By way of example, for a 17-inch diagonal capacitive touch screen without a rear shield connected to touch screen controller electronics such as the electronics available from 3M Touch Systems, Inc. under the trade designation EX II, adding capacitors between the corner drives and the rear shield drive having capacitances of about 1000 pF to 3000 pF, preferably about 1500 pF, can sufficiently simulate the capacitance that would otherwise be provided by a rear shield. The extra capacitance is not seen as a load by the controller if it is driven with identical, or near identical, waveforms between the corner drive and the auxiliary (i.e., rear shield) drive, and as such no extra power is required, and only the load from the touch is driven by the added capacitors. A 17-inch capacitive touch screen available from 3M Touch Systems, Inc. under the trade designation MicroTouch™ Cleartek II, having no rear shield and utilizing 1500 pF capacitors between the corner drives and the rear shield drive of an EX II controller was tested at up to double the normal RF testing voltage (i.e., 6 V/M), and it passed the CRFI test. Such performance is better than the performance of a typical rear shield equipped capacitive touch screen, and as such adding capacitors as described in the present invention can also be used to improve the performance of touch screen systems including a rear shield.
The EX II controller uses a narrow band signal to measure capacitance and is thus susceptible to harmonics of the fundamental controller operating frequency. The RF susceptibility test steps through the RF frequency band in 0.1% increments so most harmonics of the controller are found. The test requires the RF frequency to be adjusted to maximize the effect when a resonance is found. Several circuit components are included in the EX II controller to reduce such effects, such components including a decoupling capacitor connected to ground and a series connected ferrite element on each corner drive. These circuit elements help reduce the RF signal before it is received in the EX II ASIC. These circuits are sufficient when used with capacitive touch screens having a rear shield.
FIG. 3 shows a schematic diagram of a portion of the circuit that includes the touch screen corner drives 312A-312D, the rear shield drive 314, and capacitors 318A-318D added between the rear shield drive and each corresponding corner drive to simulate the RF reducing effects of a rear shield. Also shown in the corner drive circuits are ferrites 317A-317D and decoupling capacitors 319A-319D such as the standard ferrites and 100 pF filter capacitors already present in the EX II controllers.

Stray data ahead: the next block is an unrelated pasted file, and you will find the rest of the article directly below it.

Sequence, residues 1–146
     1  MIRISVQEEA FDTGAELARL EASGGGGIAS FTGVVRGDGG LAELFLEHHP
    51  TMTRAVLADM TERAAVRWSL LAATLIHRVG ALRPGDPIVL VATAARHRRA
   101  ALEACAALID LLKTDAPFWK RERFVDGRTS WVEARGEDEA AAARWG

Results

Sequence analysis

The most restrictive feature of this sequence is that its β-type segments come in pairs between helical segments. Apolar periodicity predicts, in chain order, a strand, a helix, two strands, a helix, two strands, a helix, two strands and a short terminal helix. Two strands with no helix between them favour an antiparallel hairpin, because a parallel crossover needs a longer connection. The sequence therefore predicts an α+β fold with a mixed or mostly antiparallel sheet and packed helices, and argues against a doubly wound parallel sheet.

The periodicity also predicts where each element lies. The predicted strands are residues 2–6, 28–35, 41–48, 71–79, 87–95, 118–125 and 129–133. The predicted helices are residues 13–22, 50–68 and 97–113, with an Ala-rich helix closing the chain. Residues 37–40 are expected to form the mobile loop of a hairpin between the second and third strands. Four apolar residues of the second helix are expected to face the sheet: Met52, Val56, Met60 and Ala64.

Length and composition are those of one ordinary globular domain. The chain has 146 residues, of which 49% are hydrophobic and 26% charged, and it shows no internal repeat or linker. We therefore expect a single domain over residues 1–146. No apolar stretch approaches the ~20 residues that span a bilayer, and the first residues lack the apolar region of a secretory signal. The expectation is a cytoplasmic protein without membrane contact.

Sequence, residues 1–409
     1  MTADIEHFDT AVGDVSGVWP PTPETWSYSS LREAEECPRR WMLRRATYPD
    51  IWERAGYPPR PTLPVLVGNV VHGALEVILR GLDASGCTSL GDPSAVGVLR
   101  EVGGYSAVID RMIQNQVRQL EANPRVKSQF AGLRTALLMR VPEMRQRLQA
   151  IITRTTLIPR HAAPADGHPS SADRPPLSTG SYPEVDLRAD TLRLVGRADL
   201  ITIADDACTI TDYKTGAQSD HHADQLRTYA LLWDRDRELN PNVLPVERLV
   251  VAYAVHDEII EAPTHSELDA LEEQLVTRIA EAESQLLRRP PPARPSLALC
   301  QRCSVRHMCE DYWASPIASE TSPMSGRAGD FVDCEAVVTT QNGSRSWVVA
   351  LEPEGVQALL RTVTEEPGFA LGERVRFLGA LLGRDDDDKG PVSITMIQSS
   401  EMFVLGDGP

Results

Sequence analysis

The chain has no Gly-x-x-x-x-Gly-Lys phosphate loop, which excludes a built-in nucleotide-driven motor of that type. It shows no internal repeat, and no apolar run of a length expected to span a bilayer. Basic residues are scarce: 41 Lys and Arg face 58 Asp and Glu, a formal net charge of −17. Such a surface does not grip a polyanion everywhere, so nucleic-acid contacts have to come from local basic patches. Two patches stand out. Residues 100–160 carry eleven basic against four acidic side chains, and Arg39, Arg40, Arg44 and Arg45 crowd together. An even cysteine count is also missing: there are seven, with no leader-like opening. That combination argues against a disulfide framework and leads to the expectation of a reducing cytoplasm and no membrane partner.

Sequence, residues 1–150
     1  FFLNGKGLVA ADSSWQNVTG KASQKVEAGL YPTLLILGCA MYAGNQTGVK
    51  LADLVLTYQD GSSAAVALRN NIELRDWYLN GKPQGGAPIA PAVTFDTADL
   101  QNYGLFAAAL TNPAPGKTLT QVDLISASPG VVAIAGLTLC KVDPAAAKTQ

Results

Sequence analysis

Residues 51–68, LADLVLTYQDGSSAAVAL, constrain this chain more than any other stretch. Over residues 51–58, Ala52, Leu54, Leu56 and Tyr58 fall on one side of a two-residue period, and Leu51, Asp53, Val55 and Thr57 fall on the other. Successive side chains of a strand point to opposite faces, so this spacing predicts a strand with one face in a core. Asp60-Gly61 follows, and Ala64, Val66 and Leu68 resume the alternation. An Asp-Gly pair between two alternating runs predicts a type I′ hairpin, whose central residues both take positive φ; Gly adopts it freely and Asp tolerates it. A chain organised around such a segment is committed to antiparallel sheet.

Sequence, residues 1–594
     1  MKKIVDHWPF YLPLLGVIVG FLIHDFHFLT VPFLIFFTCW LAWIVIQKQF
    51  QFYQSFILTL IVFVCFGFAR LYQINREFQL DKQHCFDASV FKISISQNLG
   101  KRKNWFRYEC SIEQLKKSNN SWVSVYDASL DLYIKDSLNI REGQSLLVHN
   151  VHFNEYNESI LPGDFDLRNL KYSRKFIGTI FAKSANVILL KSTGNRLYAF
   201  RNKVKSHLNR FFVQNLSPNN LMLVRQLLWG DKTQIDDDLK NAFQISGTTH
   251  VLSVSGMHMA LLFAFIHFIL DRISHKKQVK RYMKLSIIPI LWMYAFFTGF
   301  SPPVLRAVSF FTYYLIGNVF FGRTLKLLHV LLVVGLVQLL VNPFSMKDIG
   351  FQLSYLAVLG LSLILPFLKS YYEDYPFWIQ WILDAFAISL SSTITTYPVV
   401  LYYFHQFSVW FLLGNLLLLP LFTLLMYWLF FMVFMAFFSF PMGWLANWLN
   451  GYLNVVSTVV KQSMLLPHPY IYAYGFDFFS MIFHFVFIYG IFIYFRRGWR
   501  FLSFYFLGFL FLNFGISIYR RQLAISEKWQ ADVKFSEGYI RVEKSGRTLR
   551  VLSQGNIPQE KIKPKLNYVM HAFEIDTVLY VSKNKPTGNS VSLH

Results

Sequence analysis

FIG. 4 shows a touch sensor 410 that includes corner drive lines 412A-412D that lead from an electronic tail 440 to corner electrodes 413A-413D. The corner electrodes provide the signals to an electrode pattern (not shown) designed to provide a linearized electric field across the sensor surface. The tail 440 and sensor 410 also include an auxiliary drive line 414. The tail can include a connector 442 for coupling to the controller electronics (not shown). According to the present invention, when capacitors are used to connect the corner drives to the auxiliary drive to simulate a rear shield capacitance, the capacitors can be located in various locations including on the touch sensor substrate (for example near where the tail 440 couples to the sensor), on the tail 440, in the connector 442, between the tail 440 and the controller electronics (for example on an extender circuit board, flex circuit, connector, and so forth), or directly on the controller electronics board. One exemplary implementation involves attaching surface mount capacitors on the back side of the controller board and wiring to the appropriate pins on the sensor connector.
The foregoing description of the various embodiments of the invention has been presented for the purposes of illustration and description. It is not intended to be exhaustive or to limit the invention to the precise form disclosed. Many modifications and variations are possible in light of the above teaching. It is intended that the scope of the invention be limited not by this detailed description, but rather by the claims appended hereto.